27 July 2022 | Story Jóhann Thormählen | Photo Pixabay
The National Department of Health in South Africa has published a document stating that COVID-19 vaccination is safe during pregnancy and breast-feeding.

Being pregnant is actually a reason why women should get vaccinated against COVID-19.

They are at an increased risk, and vaccination provides them and their babies protection during pregnancy and breast-feeding.

According to Dr Gerhard Jansen, medical practitioner of Kovsie Health at the University of the Free State, research shows that it is not only safe, but pregnancy is an indication for vaccination.

Although there are sceptics about vaccination, pregnancy and breast-feeding studies have shown the contrary.
“Vaccination decreases transmission of the virus, and the incidence of severe illness (hospitalisation) and mortality (death) is significantly reduced by vaccination,” says Dr Jansen.

Dr Jansen says the key messages are that “vaccination has been proven to be safe during pregnancy and breast-feeding – pregnancy is actually an indication for vaccination – and that vaccination protects yourself and your baby”.


Sister Theresa de Vries, professional nurse at Kovsie Health, says there are many misperceptions.

“Pregnant moms are scared that the vaccine will have an effect (effects such as congenital defects, altered DNA, stillbirth, miscarriages, etc.) on their unborn child.”

She says pregnancy per se reduces the mother’s immunity and therefore increases the risk of severe disease, as well as increases the mortality rate. Hence the fact that pregnancy is actually an indication for vaccination.

Breast-feeding moms can be assured that it is safe to vaccinate while breast-feeding, and that the vaccine will not affect the mother’s milk production, nor will vaccination have an effect on the baby. – Dr Gerhard Jansen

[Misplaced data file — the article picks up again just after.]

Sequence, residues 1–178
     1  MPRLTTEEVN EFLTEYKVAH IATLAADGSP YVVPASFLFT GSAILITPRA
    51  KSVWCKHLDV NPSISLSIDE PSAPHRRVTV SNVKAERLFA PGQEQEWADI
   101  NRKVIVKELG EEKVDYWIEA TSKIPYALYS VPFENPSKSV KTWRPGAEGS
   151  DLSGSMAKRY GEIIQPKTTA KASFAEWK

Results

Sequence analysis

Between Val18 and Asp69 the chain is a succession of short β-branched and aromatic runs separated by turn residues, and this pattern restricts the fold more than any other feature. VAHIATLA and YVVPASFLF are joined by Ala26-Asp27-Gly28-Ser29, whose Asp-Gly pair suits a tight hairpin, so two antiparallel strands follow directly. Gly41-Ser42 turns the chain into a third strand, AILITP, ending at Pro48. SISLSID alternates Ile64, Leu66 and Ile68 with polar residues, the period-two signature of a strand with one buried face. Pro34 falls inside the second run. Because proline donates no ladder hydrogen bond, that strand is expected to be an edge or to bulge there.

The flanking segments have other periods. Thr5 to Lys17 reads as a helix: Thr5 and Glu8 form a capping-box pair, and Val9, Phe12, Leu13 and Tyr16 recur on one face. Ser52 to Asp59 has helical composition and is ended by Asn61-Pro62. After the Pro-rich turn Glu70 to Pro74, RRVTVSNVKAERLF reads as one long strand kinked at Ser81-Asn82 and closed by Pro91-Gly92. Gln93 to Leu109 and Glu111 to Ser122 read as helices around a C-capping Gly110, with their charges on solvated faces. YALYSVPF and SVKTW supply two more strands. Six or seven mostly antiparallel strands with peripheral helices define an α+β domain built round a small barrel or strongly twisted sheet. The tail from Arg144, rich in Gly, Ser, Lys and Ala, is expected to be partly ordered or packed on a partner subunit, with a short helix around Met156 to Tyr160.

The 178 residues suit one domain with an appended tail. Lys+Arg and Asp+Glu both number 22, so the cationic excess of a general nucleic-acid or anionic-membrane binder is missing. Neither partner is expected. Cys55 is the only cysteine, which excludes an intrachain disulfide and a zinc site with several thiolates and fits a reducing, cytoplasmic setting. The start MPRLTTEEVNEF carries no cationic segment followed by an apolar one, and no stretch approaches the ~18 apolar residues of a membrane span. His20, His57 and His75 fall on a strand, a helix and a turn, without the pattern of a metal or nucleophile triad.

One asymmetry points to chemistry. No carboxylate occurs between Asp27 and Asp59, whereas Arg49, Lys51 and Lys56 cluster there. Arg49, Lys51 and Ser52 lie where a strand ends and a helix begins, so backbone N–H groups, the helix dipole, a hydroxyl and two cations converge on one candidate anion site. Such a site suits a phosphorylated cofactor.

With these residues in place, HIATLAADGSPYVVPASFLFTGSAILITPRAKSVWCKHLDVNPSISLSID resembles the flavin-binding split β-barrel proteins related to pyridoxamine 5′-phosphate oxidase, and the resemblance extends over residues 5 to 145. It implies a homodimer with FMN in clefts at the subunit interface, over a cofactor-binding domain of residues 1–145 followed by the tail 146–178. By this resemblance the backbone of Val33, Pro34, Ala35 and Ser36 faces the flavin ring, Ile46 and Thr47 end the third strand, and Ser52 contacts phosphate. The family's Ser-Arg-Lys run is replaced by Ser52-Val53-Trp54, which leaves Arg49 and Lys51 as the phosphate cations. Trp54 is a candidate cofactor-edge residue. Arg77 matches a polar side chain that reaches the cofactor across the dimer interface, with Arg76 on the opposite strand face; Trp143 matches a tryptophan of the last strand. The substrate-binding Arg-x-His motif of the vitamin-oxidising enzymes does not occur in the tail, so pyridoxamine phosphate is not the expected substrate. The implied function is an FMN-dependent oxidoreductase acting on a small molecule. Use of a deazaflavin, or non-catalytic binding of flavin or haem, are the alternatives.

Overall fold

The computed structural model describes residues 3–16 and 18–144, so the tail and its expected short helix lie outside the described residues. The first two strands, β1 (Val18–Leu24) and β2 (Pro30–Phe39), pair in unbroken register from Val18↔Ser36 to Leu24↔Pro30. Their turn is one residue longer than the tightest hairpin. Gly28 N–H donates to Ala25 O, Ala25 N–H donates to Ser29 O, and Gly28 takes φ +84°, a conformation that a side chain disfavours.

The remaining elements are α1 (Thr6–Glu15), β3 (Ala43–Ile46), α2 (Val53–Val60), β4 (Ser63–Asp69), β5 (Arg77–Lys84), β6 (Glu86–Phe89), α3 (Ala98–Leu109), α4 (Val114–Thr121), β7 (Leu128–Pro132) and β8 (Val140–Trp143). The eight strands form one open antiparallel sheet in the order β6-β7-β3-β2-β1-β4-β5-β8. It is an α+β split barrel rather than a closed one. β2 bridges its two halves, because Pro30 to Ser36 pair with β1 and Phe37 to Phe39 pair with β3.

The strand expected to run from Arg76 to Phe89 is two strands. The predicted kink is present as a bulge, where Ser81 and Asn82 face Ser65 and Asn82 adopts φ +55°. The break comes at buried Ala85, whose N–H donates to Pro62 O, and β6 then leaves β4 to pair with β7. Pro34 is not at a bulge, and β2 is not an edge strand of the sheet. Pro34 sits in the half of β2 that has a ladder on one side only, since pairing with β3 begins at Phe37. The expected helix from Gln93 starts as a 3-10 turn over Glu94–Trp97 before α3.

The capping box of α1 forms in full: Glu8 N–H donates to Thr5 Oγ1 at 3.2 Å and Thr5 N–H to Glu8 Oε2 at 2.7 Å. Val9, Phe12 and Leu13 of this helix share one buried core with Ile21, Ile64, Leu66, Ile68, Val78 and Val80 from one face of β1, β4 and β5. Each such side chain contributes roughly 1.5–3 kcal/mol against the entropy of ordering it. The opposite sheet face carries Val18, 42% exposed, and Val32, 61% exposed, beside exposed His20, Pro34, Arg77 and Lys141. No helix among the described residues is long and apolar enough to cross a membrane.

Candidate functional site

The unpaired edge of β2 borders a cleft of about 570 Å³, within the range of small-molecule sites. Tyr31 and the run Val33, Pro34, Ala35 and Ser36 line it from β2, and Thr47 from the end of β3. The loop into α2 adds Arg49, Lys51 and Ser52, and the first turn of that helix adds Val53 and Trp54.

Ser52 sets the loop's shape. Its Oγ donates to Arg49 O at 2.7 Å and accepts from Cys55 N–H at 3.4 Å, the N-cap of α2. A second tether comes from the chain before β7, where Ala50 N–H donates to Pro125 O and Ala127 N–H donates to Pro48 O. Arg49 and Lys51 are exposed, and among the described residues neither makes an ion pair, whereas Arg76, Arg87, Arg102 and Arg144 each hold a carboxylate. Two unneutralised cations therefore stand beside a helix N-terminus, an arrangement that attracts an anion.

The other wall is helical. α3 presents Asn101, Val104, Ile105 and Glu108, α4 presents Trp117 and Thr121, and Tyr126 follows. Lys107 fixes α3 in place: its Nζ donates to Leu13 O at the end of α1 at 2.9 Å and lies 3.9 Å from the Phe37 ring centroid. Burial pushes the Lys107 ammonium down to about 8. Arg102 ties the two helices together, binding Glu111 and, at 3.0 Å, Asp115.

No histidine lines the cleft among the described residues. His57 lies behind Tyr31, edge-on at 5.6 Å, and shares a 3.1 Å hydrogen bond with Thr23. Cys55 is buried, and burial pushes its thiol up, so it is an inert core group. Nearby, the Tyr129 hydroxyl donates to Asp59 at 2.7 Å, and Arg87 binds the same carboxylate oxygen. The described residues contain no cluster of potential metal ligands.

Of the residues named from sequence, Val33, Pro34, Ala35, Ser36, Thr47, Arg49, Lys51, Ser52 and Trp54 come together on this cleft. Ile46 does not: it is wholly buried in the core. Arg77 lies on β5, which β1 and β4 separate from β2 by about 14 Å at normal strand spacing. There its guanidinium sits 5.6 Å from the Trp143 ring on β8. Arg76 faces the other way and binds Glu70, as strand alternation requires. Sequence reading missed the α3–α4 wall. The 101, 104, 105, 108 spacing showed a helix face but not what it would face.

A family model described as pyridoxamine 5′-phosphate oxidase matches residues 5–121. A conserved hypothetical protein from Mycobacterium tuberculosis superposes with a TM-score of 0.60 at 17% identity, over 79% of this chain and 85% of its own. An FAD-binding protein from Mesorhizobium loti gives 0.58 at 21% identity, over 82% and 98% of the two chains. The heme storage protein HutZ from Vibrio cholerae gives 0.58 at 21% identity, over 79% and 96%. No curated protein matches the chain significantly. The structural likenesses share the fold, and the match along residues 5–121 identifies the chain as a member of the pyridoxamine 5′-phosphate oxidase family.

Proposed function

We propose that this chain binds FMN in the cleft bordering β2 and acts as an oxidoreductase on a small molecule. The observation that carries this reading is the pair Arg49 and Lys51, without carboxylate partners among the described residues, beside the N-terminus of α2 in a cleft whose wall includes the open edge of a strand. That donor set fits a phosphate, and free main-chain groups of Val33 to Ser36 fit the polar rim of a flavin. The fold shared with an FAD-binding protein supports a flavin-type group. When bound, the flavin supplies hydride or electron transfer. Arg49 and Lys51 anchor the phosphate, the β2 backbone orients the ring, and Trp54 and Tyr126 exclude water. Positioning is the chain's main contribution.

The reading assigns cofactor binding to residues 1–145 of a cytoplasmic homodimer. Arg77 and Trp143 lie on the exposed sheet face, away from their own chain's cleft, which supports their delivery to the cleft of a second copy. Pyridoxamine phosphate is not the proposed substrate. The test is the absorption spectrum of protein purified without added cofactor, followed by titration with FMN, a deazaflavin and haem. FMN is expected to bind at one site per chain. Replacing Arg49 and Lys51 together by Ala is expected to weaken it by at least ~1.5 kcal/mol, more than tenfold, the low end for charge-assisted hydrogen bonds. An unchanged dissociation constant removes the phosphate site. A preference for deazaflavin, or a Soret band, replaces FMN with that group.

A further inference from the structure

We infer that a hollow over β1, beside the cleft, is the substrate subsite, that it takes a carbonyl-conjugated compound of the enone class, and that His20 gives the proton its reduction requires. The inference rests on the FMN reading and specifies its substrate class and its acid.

Furthermore, pregnant woman with comorbidities (obesity, hypertension, diabetes, asthma, etc.) have a higher risk of severe disease and mortality.

According to Dr Jansen, women are also afraid of the effect of the virus on them and on their symptom profile when vaccinated, but surveys have shown that there is no need for concern.


The DOH document states that there are many benefits to vaccination. It is effective in preventing severe COVID-19 disease and mortality, may reduce the risk of preterm birth and stillbirth, and protective antibodies may be transferred to the foetus or neonate.  “Being vaccinated and protected against severe illness (and even death) reassures the mother, and this will have a positive effect on the bond between the mother and the unborn child,” says Dr Jansen.


The DOH says “all pregnant and breast-feeding women are eligible for the COVID-19 vaccination regardless of the stage of their pregnancy”, and breast-feeding women can receive the vaccination without having to stop breast-feeding.  It also states that all women planning pregnancy should get vaccinated before falling pregnant, and do not need to delay conception.

Dr Jansen says breast milk is the best source of nutrition and hydration for a baby. 

“Breast-feeding moms can be assured that it is safe to vaccinate while breastfeeding, and that the vaccine will not affect the mother’s milk production, nor will vaccination have an effect on the baby.”



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